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Principles and recommendations for population and housing censuses

image of Principles and recommendations for population and housing censuses

The population and housing census is part of an integrated national statistical system, which may include other censuses (for example, agriculture), surveys, registers and administrative files. It provides, at regular intervals, the benchmark for population count at national and local levels. For small geographical areas or sub-populations, it may represent the only source of information for certain social, demographic and economic characteristics. For many countries the census also provides a solid framework to develop sampling frames. This publication represents one of the pillars for data collection on the number and characteristics of the population of a country.

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Topics to be investigated in population censuses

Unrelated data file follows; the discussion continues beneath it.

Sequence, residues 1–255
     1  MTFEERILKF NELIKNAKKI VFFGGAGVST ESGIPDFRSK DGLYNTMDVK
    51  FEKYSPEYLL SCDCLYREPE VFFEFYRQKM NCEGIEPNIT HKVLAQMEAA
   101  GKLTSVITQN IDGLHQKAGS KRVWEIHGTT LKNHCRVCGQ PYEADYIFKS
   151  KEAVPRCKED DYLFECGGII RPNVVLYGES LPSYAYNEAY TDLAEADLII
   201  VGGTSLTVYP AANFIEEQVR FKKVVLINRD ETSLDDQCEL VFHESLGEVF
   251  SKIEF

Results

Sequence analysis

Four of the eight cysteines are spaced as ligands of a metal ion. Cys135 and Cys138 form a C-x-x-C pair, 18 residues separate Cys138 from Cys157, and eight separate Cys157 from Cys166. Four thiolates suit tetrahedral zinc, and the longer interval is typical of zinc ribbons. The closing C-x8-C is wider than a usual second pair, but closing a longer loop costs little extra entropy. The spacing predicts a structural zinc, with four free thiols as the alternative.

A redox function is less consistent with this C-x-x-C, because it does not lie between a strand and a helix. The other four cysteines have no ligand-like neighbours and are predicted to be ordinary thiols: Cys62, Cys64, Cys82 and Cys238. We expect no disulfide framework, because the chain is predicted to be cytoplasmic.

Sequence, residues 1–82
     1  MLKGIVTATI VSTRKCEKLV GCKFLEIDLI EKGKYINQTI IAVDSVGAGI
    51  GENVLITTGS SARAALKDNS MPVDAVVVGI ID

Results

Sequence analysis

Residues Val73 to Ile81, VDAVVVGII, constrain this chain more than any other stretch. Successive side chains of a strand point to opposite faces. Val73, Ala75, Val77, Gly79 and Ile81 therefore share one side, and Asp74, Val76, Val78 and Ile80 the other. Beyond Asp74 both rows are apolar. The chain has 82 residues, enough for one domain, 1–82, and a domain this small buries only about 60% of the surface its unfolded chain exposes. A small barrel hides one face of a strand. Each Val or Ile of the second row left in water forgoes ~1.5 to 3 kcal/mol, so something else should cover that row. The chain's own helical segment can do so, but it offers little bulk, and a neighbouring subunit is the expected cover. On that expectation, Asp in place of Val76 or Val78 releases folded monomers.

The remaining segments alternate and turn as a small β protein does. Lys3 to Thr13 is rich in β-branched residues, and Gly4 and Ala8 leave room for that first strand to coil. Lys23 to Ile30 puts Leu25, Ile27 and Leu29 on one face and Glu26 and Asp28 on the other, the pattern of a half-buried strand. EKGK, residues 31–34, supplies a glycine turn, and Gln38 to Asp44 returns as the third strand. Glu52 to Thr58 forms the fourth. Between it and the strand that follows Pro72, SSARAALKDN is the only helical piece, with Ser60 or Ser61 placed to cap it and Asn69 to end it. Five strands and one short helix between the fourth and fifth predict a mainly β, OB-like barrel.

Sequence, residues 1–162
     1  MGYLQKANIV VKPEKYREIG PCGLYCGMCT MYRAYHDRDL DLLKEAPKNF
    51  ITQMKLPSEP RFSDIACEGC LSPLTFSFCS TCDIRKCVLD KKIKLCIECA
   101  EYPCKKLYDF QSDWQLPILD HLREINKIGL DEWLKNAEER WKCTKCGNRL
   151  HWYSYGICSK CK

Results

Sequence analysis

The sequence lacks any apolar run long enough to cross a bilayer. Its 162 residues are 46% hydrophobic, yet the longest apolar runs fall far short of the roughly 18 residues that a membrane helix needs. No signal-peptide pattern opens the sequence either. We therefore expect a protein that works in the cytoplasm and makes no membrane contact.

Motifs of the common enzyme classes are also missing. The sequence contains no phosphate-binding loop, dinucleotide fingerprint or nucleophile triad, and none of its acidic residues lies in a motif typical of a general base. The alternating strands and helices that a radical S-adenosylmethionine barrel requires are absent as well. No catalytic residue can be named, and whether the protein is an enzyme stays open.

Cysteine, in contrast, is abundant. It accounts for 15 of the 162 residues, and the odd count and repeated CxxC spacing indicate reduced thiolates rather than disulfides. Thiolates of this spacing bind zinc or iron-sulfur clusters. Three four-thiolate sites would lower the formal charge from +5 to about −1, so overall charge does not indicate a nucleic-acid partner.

In line with the overall approach of revision 2 of Principles and Recommendations for Population and Housing Censuses, the selection of census topics is based on outputs expected to be produced by the census. Thus, the first step involves clear identification of expected outputs, and then the core and additional topics are decided on that basis. For each of the core topics there is a recommended tabulation. It is recommended that countries collect data on the core topics and also produce the recommended tabulation, as this would improve the international harmonization and comparability of statistics through the use of common concepts, definitions and classifications. Use of an agreed international approach would also enhance the capacity of countries to generate statistics for monitoring the socio-economic situation of their populations, including for the provision of data for the Millennium Development Goals. The topics to be covered in the census (that is, the subjects regarding which information is to be sought for each individual) should, however, be determined upon balanced consideration of (a) the needs of the broad range of data users in the country (b) achievement of the maximum degree of international comparability, both within regions and on a worldwide basis (c) the probable willingness and ability of the public to give adequate information on the topics and (d) the total national resources available for conducting the census. Such a balanced consideration will need to take into account the advantages and limitations of alternative methods of obtaining data on a given topic within the context of an integrated national programme for gathering demographic and related socio-economic statistics (see paras. 1.20–1.57 in part one above).

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